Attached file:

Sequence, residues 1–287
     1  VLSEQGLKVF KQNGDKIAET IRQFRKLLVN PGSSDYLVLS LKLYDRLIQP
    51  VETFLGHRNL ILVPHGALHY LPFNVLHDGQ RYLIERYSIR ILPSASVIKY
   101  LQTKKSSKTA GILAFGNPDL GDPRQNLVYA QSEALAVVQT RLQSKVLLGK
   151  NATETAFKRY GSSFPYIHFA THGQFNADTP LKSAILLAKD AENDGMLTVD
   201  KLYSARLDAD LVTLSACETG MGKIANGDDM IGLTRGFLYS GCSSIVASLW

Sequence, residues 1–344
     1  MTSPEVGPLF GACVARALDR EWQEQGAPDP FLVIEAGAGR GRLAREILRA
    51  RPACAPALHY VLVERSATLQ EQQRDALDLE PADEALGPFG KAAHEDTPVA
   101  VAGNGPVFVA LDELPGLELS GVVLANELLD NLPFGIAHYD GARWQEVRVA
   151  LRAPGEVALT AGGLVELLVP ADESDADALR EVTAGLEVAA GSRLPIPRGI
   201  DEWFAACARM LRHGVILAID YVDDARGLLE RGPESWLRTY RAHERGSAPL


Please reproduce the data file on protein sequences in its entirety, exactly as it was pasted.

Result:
Sequence, residues 1–287
     1  VLSEQGLKVF KQNGDKIAET IRQFRKLLVN PGSSDYLVLS LKLYDRLIQP
    51  VETFLGHRNL ILVPHGALHY LPFNVLHDGQ RYLIERYSIR ILPSASVIKY
   101  LQTKKSSKTA GILAFGNPDL GDPRQNLVYA QSEALAVVQT RLQSKVLLGK
   151  NATETAFKRY GSSFPYIHFA THGQFNADTP LKSAILLAKD AENDGMLTVD
   201  KLYSARLDAD LVTLSACETG MGKIANGDDM IGLTRGFLYS GCSSIVASLW

Sequence, residues 1–344
     1  MTSPEVGPLF GACVARALDR EWQEQGAPDP FLVIEAGAGR GRLAREILRA
    51  RPACAPALHY VLVERSATLQ EQQRDALDLE PADEALGPFG KAAHEDTPVA
   101  VAGNGPVFVA LDELPGLELS GVVLANELLD NLPFGIAHYD GARWQEVRVA
   151  LRAPGEVALT AGGLVELLVP ADESDADALR EVTAGLEVAA GSRLPIPRGI
   201  DEWFAACARM LRHGVILAID YVDDARGLLE RGPESWLRTY RAHERGSAPL